The first Part of this Handbook outlines the principal features of the optimally simple comprehensive scheme we suggest is the gist of the new paradigm. This outline is not a full description of that scheme; it is an outline of its basic premises. (More comprehensive treatments can be found in the publications of the Institute: the book series New Paradigm Books [Select Books, New York], and the periodical World Futures: The Journal of New Paradigm Research [Routledge, Philadelphia and London].) The second Part of the Handbook elaborates the relevance of the scheme to the major fields and disciplines of the contemporary world: medicine and healing, education, politics, economics, and business. The application of the new paradigm to these disciplines interrelates their conceptual schemes in a consistent and embracing interpretation of the facts that come to light in their given fields.
This undertaking is ambitious, and inherently feasible, but it is not and cannot be dogmatic. Certainty is reserved for the theorems of logic and mathematics; statements become uncertain to the extent that they refer to the real world. Such statements, Plato said, are but likely stories. Hence this assessment of the new paradigm does not aspire to certainty, but it does aspire to be a basis for the likeliest story we can now tell. The task of the Institute of New Paradigm Research is to research, elaborate, and articulate that story. This is basic research in the truest sense of the term, and it is necessarily interdisciplinary: it builds on facts and findings coming from a variety of fields and disciplines. The publication of this Handbook is an invitation to interested readers to collaborate in the elaboration of the new paradigm, and in the exploration of its application to the principal fields of scientific and human interest.
- ORIGINS (Where We Come From)
- EVOLUTION (Where We Are Headed)
- CONSCIOUSNESS (Who We Are)
- The New Paradigm in the Sciences of Life
- The New Paradigm in Medicine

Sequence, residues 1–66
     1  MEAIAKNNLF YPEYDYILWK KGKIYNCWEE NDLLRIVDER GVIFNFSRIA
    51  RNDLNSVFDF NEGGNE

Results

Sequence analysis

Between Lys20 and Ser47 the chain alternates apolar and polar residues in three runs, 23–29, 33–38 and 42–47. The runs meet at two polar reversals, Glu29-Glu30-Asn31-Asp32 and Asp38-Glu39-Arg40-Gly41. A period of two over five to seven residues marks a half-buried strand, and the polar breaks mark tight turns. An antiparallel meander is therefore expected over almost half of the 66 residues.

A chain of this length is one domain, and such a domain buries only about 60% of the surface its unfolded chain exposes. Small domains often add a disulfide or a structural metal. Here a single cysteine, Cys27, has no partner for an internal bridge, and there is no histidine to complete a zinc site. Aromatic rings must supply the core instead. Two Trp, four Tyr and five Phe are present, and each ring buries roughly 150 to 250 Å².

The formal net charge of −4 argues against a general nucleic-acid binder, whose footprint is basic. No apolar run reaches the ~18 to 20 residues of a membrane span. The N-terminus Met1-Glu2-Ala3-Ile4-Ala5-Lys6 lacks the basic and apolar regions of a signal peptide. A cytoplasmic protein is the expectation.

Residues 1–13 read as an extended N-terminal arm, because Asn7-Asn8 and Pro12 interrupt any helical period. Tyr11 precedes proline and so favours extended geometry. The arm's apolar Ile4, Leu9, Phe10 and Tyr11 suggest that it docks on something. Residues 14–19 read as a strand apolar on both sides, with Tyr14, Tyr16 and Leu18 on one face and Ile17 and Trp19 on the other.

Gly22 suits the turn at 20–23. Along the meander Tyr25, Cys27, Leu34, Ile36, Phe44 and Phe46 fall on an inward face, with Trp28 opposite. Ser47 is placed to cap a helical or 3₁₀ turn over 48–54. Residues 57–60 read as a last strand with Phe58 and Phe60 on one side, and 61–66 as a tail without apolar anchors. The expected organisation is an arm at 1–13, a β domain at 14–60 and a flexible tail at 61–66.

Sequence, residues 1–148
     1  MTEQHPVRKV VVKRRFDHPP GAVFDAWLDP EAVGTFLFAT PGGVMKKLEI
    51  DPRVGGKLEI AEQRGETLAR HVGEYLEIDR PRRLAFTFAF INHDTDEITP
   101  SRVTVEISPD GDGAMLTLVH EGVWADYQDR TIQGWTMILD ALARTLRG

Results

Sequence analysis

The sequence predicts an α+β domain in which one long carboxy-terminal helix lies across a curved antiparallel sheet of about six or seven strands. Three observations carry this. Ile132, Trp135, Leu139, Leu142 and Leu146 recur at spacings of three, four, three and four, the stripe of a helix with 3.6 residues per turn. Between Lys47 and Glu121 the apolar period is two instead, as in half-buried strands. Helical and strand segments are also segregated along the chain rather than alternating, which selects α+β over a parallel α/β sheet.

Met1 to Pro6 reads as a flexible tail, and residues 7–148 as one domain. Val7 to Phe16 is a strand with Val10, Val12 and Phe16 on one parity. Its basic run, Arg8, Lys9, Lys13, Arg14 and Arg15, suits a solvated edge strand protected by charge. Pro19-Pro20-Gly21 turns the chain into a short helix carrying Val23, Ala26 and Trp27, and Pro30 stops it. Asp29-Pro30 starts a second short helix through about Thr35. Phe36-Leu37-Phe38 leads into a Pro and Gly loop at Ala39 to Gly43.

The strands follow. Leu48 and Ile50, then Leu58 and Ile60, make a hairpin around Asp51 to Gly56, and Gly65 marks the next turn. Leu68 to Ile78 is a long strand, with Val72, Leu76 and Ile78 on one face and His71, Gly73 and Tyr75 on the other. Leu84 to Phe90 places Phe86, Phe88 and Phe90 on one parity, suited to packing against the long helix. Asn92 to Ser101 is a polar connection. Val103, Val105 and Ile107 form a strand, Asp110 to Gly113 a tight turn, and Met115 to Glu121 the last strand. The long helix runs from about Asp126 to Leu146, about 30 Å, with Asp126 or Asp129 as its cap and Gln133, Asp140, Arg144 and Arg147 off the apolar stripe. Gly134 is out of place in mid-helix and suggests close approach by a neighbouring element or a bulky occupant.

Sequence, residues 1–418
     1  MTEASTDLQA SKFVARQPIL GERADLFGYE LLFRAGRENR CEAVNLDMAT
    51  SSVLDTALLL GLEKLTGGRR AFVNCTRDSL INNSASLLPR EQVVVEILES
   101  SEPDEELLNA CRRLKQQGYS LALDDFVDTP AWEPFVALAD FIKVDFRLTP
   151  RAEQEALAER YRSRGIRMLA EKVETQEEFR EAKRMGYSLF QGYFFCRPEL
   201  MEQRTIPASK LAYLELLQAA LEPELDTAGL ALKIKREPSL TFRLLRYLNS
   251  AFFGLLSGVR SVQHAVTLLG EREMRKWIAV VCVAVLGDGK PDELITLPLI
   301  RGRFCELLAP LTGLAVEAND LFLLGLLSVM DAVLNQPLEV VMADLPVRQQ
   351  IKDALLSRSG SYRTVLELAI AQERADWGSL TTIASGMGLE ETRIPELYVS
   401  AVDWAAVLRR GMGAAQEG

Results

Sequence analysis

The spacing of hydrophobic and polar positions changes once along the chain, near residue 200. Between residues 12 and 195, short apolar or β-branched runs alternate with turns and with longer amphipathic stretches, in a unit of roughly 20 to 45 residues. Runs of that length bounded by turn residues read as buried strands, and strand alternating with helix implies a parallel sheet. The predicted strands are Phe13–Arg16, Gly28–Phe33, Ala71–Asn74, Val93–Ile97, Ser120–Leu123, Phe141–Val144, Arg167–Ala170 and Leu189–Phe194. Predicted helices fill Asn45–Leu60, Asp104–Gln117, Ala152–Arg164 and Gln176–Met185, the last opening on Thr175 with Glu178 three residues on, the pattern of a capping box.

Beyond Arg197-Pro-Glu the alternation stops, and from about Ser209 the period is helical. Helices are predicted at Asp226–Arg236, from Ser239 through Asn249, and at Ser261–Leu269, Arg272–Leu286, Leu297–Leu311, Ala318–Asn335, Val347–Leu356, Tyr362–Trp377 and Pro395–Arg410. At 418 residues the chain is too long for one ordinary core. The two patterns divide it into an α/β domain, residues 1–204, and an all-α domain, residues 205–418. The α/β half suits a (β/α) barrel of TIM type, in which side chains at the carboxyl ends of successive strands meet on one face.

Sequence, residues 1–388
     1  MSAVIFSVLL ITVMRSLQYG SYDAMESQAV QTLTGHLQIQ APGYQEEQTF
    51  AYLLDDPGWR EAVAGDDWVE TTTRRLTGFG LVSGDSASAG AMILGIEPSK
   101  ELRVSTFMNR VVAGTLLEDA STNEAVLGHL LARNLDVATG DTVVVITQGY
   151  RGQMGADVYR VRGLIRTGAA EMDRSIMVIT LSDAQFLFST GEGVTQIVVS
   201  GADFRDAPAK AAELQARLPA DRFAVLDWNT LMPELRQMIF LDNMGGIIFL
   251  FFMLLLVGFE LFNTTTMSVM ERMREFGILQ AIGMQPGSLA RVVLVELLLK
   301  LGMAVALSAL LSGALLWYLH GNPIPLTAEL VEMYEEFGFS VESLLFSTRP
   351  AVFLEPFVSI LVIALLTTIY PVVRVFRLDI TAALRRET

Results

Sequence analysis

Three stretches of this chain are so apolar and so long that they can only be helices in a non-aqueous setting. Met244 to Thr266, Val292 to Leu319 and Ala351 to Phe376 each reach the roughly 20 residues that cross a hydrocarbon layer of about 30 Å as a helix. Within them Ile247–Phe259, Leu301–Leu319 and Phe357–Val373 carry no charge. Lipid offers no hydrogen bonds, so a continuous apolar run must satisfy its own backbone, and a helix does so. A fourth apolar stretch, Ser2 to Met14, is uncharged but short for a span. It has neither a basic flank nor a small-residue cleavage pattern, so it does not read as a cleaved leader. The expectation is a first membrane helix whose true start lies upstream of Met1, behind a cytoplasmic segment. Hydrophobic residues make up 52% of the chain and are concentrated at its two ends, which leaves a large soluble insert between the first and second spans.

- The New Paradigm in Education
- The New Paradigm in Politics
- The New Paradigm in Economics
- The New Paradigm in Business
- Living the New Paradigm
- The New Paradigm and the Mind of the Next Generation
About the Co-Authors
Ervin Laszlo (principal author), published or edited forty-seven books translated into twenty-four languages, is Founder and Director of the Laszlo Institute of New Paradigm Research and Editor-in-Chief of World Futures: the Journal of New Paradigm Research.
John Bunzl , a global political activist, is founder of the Simultaneous Policy (Simpol) campaign.
Nicolya Christi, futurist and author, is creator psycho-spiritual maps and models for evolving consciousness.
Shamik Desai is Director of Research and Chief Financial Officer of the Laszlo Institute.
Garry Jacobs author of numerous books and articles, is CEO of the World Academy of Art & Science; Chairman of the Board and CEO of the World University Consortium, Managing Editor of the journal Cadmus, Vice-President of The Mother’s Service Society, and a member of the Club of Rome.
Alexander Laszlo, author of various journal, book, and encyclopedia publications, is Director of the Doctoral Program in Leadership and Systemic Innovation at the Buenos Aires Institute of Technology (ITBA).
Christopher Laszlo, author of books and articles on sustainable management, is the Char and Chuck Fowler Professor of Organizational Behavior and Executive Director of the Fowler Center for Business as an Agent of World Benefit at Case Western Reserve University.
Maria Sagi, author or co-author of eleven books and numerous articles on global problems and new-paradigm healing, is Science Director of the Club of Budapest.
Julene Siddique, author of The Odyssey Musical Theatre, is founder of the “Spectrum” method of education, and creator of “Harmonic Therapies” integrating creative therapies with TimeWaver information field devices.